"NICE", the ill-named body which is meant to vet medicines and procedures provided by the NHS, has declared against the provision of a bone cancer drug which helps to prolong patients' lives. This drug is provided by the NHS in Scotland, Wales and Northern Ireland. But it will not be offered in England because it is not "cost effective".
One wonders what is the cost of a few years, or even months of life, for the well-heeled members of NICE? But then, of course, these people can always go private, should they need such drugs!
"Cost effectiveness" has been the watchword behind the NHS backdoor privatisation for decades now. It is what is supposed to "energize" Labour's internal NHS health market.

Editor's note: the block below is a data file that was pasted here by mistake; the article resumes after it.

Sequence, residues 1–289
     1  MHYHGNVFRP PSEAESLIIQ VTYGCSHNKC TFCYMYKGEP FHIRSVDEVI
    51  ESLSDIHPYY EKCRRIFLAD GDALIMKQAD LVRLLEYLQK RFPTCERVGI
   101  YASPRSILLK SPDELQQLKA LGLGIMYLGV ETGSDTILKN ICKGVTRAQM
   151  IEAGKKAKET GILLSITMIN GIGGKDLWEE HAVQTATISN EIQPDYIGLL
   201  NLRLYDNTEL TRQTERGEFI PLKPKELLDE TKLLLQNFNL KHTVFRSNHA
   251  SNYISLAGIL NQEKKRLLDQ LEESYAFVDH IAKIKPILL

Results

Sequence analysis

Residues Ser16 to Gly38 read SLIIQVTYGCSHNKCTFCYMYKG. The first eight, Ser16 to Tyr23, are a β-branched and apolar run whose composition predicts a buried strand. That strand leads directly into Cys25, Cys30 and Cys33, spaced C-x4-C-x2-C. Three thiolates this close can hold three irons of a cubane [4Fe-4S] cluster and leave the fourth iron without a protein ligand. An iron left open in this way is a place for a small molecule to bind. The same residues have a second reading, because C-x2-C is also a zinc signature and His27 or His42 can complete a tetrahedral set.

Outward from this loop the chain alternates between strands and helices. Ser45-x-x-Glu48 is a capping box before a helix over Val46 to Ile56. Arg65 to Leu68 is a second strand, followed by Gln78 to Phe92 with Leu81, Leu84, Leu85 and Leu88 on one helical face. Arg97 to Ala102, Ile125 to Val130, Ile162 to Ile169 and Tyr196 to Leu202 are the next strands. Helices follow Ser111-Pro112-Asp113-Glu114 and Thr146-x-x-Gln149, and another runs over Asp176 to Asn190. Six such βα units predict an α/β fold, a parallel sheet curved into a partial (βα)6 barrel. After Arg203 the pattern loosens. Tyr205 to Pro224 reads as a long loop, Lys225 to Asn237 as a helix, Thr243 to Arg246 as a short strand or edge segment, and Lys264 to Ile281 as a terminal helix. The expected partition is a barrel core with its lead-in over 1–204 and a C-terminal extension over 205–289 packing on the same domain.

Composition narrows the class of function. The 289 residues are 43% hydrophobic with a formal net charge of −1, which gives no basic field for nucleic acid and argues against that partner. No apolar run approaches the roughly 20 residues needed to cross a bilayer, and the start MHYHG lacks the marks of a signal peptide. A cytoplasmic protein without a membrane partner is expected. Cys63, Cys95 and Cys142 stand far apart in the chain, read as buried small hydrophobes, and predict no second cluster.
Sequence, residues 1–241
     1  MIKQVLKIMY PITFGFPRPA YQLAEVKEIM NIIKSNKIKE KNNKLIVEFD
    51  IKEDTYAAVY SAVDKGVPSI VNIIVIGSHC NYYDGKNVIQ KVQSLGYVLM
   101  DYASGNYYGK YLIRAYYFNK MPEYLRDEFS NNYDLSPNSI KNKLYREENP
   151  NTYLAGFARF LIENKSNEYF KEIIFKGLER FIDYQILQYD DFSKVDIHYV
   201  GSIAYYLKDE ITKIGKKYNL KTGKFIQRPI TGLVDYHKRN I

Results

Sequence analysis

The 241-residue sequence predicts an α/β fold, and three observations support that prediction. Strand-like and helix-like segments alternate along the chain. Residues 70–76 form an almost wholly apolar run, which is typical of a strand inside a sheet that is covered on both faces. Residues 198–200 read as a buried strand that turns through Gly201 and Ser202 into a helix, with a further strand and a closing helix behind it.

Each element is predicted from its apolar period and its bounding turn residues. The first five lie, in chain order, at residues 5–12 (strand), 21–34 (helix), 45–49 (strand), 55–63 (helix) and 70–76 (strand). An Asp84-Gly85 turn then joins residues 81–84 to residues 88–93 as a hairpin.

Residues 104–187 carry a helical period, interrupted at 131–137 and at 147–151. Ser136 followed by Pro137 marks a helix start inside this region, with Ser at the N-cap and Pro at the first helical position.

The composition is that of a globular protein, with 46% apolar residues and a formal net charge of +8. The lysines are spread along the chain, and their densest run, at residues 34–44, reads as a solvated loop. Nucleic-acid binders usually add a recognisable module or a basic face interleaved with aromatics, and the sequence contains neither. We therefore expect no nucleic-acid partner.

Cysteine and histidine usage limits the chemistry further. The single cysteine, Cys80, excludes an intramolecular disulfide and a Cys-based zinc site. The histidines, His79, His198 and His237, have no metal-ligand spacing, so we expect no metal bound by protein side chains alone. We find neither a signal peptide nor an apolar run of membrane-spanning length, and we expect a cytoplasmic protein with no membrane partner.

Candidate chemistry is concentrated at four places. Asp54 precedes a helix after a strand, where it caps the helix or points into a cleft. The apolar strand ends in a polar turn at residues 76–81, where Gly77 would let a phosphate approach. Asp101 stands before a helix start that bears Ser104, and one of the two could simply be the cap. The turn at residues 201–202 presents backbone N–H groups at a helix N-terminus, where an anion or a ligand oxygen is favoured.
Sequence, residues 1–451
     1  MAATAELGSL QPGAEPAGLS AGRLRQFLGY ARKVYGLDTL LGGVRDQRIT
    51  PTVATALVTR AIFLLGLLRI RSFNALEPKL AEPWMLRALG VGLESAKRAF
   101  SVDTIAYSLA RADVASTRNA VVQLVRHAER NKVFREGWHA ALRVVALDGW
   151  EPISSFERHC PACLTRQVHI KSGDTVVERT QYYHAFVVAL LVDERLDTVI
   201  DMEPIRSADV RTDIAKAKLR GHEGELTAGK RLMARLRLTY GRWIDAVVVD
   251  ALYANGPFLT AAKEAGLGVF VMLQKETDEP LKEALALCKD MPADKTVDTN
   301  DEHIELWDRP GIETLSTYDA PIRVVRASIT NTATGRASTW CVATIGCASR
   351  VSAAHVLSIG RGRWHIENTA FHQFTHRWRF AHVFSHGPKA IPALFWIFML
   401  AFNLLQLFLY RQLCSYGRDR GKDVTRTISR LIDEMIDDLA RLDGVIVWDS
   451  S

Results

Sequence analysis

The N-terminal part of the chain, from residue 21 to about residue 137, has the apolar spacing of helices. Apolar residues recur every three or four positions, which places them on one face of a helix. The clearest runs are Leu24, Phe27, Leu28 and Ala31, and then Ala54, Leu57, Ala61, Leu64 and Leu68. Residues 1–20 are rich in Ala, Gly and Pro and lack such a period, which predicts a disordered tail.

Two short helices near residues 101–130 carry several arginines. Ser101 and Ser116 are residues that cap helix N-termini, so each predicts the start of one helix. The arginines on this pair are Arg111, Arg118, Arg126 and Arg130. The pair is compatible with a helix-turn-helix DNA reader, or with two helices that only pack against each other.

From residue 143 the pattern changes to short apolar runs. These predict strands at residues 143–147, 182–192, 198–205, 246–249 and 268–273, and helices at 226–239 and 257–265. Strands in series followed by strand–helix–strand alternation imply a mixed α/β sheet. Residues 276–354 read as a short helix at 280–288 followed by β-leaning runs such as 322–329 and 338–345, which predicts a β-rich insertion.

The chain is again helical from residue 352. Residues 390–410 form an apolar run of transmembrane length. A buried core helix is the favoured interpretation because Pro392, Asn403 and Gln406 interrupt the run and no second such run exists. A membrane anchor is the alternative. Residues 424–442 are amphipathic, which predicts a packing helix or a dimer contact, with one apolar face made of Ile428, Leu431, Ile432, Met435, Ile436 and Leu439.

In the name of "cost-effectiveness" 3/4 of NHS trusts are cutting jobs, closing down wards and even entire hospitals, to make up for deficits. Although there is precious little news about it in the media, dozens of marches and protests of all sorts have been taking place lately up and down the country against such cuts: from Cambridge (200 jobs cut) to Manchester (1,200 jobs), Nottingham (5,000 jobs across East Midlands), Birmingham (1,200 jobs), Brighton (500 jobs) and even Eastbourne, where the A&E is under threat.
But "cost-effectiveness" only works one way for Labour. PFI may be the most expensive way of building or refurbishing NHS facilities, but it still remains Blair's and Brown's favourite. Just as the new government-sponsored gimmick - the private "treatment centres"- are the most expensive way of providing specialist care. In neither of these case does "cost-effectiveness" apply. But has this government ever been mean, when it came to lining the pockets of rich private shareholders?